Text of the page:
U.S. Coronavirus Case Counts Continue to Break Records, Pooled Testing Approved
MONDAY, July 20, 2020 (HealthDay News) -- As yet another record for the seven-day average of new coronavirus cases in the United States was broken on Sunday, federal health officials prepared to start pooled testing for COVID-19.
The strategy could speed results, stretch lab supplies further, reduce costs and expand testing, the Associated Press reported.
On Sunday, Kentucky, Louisiana, Oregon and South Carolina all set new single-day records for new cases, the Washington Post reported. Idaho, Nebraska, Iowa and five other states have seen their seven-day averages for daily new fatalities rise by more than 40 percent in the past week, the newspaper added.
In Florida, more than 100 hospitals have run out of ICU beds for adults. The state has reported more than 10,000 new COVID-19 cases on 12 different days in July, the Post reported.
Meanwhile, Los Angeles is "on the brink" of shutting down again, Mayor Eric Garcetti said Sunday. Over the past week, Los Angeles County has seen its highest number of coronavirus hospitalizations since the pandemic began, the Post reported.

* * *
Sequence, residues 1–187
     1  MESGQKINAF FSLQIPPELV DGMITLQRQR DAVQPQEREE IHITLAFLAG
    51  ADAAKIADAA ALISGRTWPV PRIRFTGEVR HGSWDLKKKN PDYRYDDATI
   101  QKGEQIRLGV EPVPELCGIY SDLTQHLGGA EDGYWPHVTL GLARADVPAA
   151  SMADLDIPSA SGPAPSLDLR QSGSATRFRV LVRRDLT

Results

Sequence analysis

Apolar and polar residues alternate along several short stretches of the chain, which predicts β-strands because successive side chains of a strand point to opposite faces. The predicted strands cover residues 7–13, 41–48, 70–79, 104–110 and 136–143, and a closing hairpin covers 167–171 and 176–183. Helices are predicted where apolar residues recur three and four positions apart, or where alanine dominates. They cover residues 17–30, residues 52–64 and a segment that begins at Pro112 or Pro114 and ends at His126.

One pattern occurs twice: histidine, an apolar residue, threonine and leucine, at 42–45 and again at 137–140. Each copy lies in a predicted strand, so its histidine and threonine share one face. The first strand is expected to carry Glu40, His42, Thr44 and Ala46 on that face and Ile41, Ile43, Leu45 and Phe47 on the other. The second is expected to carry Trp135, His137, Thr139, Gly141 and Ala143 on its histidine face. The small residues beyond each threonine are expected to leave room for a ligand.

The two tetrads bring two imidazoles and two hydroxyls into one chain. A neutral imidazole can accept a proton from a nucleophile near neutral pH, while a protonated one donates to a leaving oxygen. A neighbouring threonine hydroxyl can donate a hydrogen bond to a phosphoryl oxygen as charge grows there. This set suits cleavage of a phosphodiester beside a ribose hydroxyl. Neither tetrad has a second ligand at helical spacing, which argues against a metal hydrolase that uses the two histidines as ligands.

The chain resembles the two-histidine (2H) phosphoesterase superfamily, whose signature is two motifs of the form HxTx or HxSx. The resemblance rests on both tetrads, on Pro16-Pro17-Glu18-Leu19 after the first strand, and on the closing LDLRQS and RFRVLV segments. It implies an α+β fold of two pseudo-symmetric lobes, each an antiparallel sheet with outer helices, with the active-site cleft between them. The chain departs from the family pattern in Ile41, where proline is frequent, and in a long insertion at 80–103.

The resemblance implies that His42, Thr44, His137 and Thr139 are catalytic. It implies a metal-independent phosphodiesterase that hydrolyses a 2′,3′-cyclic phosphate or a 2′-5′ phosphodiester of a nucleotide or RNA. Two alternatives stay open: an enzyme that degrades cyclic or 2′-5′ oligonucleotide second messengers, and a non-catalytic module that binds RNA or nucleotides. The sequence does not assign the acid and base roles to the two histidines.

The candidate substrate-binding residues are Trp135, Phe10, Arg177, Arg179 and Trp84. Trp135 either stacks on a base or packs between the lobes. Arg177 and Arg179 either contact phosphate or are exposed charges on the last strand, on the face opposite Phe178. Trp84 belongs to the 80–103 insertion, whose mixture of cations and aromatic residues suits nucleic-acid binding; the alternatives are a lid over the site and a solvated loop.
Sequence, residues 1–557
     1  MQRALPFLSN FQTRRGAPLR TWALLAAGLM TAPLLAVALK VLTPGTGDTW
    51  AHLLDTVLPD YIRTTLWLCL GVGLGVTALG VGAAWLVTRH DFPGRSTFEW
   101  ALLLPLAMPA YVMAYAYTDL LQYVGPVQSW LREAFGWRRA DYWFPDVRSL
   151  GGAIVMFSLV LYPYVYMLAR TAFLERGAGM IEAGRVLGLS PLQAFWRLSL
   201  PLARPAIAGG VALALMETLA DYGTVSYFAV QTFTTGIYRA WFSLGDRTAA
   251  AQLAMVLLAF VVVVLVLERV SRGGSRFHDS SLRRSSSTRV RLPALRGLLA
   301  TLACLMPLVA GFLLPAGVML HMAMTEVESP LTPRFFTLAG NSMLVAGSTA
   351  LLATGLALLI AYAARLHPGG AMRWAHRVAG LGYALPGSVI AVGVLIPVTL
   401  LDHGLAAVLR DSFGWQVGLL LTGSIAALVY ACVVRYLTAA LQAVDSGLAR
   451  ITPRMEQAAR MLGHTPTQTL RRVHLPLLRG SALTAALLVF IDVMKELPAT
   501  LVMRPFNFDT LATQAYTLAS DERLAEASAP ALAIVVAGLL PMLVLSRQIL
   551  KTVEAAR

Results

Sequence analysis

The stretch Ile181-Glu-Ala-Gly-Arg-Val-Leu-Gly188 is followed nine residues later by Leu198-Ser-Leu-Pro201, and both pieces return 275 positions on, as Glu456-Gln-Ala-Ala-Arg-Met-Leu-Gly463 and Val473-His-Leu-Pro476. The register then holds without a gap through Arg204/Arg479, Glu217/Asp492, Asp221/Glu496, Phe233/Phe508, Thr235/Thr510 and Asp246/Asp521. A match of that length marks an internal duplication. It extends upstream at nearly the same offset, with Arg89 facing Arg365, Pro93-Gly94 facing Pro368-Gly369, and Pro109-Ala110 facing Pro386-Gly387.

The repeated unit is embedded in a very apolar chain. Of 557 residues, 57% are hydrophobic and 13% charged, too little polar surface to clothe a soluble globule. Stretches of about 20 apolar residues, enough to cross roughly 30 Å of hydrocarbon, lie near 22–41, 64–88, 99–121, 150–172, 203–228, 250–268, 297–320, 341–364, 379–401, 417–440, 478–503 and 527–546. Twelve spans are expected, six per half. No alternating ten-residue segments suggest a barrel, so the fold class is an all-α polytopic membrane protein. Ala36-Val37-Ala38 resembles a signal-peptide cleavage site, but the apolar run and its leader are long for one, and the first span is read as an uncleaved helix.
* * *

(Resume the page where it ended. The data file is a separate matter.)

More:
In some good news, the U.S. Food and Drug Administration on Saturday gave emergency approval to pooled testing, which combines test samples in batches, the AP reported.
The emergency use approval was given to Quest Diagnostics to perform its COVID-19 test with pooled samples. It is the first test to be authorized to be used in this way, the AP reported.
With pooling, laboratories would combine parts of samples from several people and test them together. A negative result would clear everyone in the batch. A positive result would require each sample to be retested.
Pooling works best with lab-run tests, not the much quicker individual tests used in clinics or doctor's offices, the wire service said. Theoretically, pooled testing could be used at schools or businesses.
"It's a really good tool. It can be used in any of a number of circumstances, including at the community level or even in schools," Dr. Anthony Fauci testified during a Senate hearing last month, the wire service reported.
The technique works best when fewer than 10% of people are expected to test positive, the AP reported. For example, pooling would not be cost-effective in Arizona, where a surge has pushed positive test results to well over 10%. But the approach could make sense in areas with a lower rate of positive results, the wire service said.
More states, retailers turning to mask mandates
As case counts and deaths have continued to climb, more states, cities and major retailers have turned to face mask mandates to try to stem the spread of COVID-19.
Increasingly seen as a last hope to slow soaring infection rates across the country, Gov. Asa Hutchinson of Arkansas announced a face covering requirement last week after taking a more hands-off approach for months, the New York Times reported. Colorado Gov. Jared Polis also issued a mask order last week, after questioning whether such a mandate would be enforceable.